It would seem that everything in Adult Social Care is digital, at least that’s how it seems but are we really ready?
The digitisation of care is nothing new and over the last ten years or so we’ve seen various technologies introduced to help both those we care for and free up time for staff to do other things.
This has mostly been piecemeal and now we see the roll out of national programs designed to push the sector forward in a big leap.
One such program is Digitising Social Care (or DISC as we like to shorten it to) which is designed to help care providers adopt Digital Care Records. Again, Digital Care Records are nothing new but the adoption of them by the sector has not been as quick in our increasingly digital age as one would expect.
There are many reasons for this which are well documented such as a lack of time to implement or the perception that the workforce is not particularly tech savvy. The other main reason usually stated as a barrier is money, and in that respect the DISC program is designed to address that by offering match funding to support the implementation of a Digital Care Records platform by care providers.
I’m not going to go into the ins and outs of how the funding works here as the ICBs are doing that with their care providers, but you may wonder why we as a Care Association would be taking an interest in this?
As a Care Association, first and foremost we are here to support our member care providers. We do that in numerous ways but also by encouraging our members to adopt working practices or technologies which we believe will make both their lives and the lives of those they care for easier. We believe – and have seen plenty of real-world examples – that using Digital Care Records achieves this. Many of our members who’ve already made the leap say it’s one of the best decisions they have made.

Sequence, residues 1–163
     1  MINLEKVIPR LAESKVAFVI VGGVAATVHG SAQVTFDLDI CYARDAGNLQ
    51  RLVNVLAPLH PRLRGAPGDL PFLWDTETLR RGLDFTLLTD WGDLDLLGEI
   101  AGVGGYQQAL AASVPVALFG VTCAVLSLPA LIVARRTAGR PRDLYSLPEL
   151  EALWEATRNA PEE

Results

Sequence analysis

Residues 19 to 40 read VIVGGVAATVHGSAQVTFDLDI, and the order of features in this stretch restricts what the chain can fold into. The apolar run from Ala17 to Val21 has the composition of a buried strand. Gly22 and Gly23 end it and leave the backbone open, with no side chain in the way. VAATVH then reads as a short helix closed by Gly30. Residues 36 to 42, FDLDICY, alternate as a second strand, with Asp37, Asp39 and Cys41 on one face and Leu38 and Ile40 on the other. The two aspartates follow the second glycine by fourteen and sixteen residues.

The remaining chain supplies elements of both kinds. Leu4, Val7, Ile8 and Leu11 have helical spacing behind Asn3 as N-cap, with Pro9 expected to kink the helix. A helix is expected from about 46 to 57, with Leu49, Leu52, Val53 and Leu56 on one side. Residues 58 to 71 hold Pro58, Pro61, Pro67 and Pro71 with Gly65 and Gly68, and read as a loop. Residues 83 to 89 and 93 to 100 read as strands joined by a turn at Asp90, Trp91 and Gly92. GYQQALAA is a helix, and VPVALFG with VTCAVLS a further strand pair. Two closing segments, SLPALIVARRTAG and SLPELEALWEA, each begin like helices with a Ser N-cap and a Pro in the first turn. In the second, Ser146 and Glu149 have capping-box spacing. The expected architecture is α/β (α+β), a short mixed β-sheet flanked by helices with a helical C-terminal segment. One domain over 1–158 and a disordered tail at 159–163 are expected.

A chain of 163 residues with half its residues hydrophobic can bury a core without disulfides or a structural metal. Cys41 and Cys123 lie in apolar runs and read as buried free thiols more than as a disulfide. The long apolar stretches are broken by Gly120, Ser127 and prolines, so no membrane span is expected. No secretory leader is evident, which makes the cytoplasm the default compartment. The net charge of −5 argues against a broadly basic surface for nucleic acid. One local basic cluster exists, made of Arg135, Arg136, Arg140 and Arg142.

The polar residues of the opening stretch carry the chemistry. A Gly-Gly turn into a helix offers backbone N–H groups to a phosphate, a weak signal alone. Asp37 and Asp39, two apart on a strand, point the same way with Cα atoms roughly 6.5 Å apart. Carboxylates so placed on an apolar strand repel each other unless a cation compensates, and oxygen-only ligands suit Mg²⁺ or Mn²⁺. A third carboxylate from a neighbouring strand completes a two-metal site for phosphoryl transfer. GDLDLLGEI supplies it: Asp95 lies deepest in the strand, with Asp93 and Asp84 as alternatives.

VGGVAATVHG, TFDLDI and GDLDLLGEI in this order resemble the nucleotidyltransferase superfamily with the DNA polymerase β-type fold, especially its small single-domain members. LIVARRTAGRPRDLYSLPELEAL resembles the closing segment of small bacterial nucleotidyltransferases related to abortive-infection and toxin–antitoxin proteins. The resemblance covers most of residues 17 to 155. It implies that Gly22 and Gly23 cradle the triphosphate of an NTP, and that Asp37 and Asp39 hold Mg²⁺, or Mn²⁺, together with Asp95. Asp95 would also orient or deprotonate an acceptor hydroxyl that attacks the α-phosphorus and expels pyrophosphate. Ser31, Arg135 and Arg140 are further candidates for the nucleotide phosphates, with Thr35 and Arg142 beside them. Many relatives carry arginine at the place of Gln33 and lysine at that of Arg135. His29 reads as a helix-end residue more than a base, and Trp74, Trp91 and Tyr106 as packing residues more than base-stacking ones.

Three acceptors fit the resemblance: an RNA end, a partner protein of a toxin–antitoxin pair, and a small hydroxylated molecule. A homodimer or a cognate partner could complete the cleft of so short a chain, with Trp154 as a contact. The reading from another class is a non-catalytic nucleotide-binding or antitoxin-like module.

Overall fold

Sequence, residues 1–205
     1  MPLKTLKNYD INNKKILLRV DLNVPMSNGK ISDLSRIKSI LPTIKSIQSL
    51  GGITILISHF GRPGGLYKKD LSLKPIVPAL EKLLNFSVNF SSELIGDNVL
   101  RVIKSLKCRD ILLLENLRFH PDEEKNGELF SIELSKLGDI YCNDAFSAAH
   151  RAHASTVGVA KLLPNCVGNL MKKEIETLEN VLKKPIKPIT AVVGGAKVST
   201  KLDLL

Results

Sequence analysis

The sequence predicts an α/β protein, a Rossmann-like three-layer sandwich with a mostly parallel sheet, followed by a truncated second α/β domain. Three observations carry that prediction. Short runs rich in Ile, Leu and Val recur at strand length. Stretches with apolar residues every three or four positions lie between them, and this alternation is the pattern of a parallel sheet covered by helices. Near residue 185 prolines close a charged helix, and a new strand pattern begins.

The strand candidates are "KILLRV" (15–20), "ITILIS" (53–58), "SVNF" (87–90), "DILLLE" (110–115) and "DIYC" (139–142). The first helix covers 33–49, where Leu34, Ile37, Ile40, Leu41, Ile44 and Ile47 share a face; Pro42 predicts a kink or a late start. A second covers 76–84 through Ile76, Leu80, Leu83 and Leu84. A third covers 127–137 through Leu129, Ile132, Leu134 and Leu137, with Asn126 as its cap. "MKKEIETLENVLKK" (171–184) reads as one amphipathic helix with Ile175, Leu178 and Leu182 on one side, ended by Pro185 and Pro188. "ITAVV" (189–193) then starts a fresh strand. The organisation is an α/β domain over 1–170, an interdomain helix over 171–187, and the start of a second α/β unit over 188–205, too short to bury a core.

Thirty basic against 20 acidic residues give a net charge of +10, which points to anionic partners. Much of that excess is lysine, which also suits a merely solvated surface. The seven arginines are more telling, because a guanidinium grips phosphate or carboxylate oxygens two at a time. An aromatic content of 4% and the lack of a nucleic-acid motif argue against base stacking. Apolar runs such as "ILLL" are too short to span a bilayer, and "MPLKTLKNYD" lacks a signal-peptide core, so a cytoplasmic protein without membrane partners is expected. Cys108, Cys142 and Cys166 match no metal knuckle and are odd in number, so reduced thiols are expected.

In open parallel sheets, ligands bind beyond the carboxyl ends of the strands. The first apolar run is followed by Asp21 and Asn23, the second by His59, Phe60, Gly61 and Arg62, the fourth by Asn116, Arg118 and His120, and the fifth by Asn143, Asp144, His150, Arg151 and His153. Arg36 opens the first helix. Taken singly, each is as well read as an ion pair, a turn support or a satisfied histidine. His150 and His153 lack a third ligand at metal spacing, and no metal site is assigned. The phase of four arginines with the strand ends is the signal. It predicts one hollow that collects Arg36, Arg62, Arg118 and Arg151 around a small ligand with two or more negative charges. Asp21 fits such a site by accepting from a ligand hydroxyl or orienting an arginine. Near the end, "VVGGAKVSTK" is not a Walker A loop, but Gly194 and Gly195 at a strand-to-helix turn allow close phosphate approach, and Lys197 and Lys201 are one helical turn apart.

But like all decisions there are many things you need to bear in mind if it is to be successful, particularly regarding data security. If your records are paper based, you will be handing and storing sensitive data but how you do this becomes even more important when you go digital. Suddenly your data may become more portable and accessible and there will probably be more of it, so how do you ensure that it’s secure?
One of the easiest ways you can assess your data security is to complete the Data Security Protection Toolkit (DSPT). This is a free online assessment of your data security and procedures. Completing the DSPT demonstrates that you take your information governance seriously, both to those you care for and your commissioning bodies.
Successful completion of the DSPT opens up access to various technologies from the NHS such as NHS Mail, Proxy Access and Shared Care Records.
It is a contractual requirement if you work with the NHS and is increasingly being included in Local Authority contracts as well. It’s also something that CQC look favorably on, as it meets the requirements of several KLoEs.
So again, you may be asking yourselves why a Care Association is taking an interest in this and it’s a good question.
Solid information governance underpins the successful transition to digital working and it’s important that our members are aware of this. Thankfully we are here to help. Our Care Association along with many others are part of a national support program called Better Security Better Care.
We can offer free support and advice to all CQC registered providers on completing the DSPT. So, for those care providers out there who are thinking about making the digital leap but would like some support ensuring their Information Governance ticks all the necessary boxes, then contact your Local Support Organisation for more details.
Chief Executive Officer
West Midlands Care Association
Keiron Broadbent is Chief Executive Officer of the West Midlands Care Association (WMCA). WMCA is one of the largest local care associations in England, representing over 500 members across the West Midlands Regions